James: James Schramko here from SuperFastBusiness.com. I have Kat Jarman from YourOnlineTeam.com. Hey, Kat!
James: Kat, you’ve got a lot of experience helping business owners sort out their team and get some structure and make things right with the service that you offer. And I’m just wondering when it comes to meetings, do you have some suggestions or tips for business owners to make meetings run a little smoother or be a little more interesting? Love to know what your thoughts are on how often you should have them and who should be there, and if there’s any kind of structure that you love. Because you’ve seen so many different businesses now and you’ve worked with lots of different entrepreneurs, are there any trends or patterns we should know about?
Kat: Yeah, I feel like with team meetings, there’s two types of business owners – ones that hate having them and just don’t do them, and the ones that do them but they spend the whole meeting like brainstorming their latest idea, or whatever shiny objects call their fancy that week. I’m guilty of that.
But what I find with team meetings is that they can waste a lot of time if you’re not careful. So in our business, one of the things that we did is we decided, yes, we want to have them because we think they’re important for team morale and just getting everybody on the same page once a week.
So once a week, usually on a Monday, is when I like to do team meetings. We make sure that everybody knows what their action steps are and what they’re accountable for, for the coming week. Now, these can take a while depending on how big your team is. And one of the best things that we did was started to hold our meetings on a free Zoom account which only gives you 45 minutes. So no matter what, you’re all getting kicked off at the 45-minute mark.
James: So, basically, using a deadline is the technique there.
Kat: Yeah, yeah. And everybody says, Okay, we’ll just jump on for half an hour. And it never works out that way. So if you actually have something like technology-related that is totally going to boot everybody off at the 45-minute mark, I actually wish it was half an hour, because that would be a lot better. That means that you’re more concise. Hopefully, you’ve got some sort of agenda that you like to stick with every week. And you’ll stick to that if you know you have a time limit.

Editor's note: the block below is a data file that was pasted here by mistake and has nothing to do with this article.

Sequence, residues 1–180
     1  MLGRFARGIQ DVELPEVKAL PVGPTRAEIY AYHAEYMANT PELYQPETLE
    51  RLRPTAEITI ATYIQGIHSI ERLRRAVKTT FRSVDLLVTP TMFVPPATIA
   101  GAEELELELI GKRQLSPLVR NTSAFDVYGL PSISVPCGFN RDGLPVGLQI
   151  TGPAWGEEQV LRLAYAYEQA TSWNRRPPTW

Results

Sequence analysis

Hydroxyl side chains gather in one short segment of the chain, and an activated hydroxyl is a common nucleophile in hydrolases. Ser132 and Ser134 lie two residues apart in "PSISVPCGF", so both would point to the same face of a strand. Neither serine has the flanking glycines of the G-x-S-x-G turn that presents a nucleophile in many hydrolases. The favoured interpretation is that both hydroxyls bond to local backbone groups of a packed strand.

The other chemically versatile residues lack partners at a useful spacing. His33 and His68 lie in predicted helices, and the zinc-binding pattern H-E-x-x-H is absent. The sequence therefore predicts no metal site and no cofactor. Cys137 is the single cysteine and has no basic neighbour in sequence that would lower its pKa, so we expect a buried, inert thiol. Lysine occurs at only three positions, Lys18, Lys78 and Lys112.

And then I think one of the most important tips that I could give is for the business owner, I had to learn this myself, is again to not use your team meetings as a brainstorming session or a “How’s about my latest idea, guys, what do you think?” type of session. That can be a different meeting, I think. And that will solve your frustration. A lot of the time, if a business owner is frustrated about their team meetings, it’s because they are not doing it properly. It’s not the team, it’s actually you.
James: Yeah, totally agree. If you don’t have a free Zoom account and a 45-limit, you can always use a watch with a timer. I just got back from a few weeks in the Maldives, and I used a timer to partition our one-hour calls that we did or one-hour group discussions. And having that take advantage of Parkinson’s Law, which is work expands to fit the time available, was really helpful.
And certainly, in our own team, we found meeting once a week is good for me, the business owner. I want to keep my finger on the pulse. I don’t want to drain people from meetings. I can see what’s going on in my business from daily activity reports in Slack, etc. And you can have one-to-one discussions to brainstorm things. I agree with you, routine is great. We have a format, and we all have a turn. And usually, our meetings take about 12, 15 minutes. We have a small team of six and they all know exactly what they’re doing.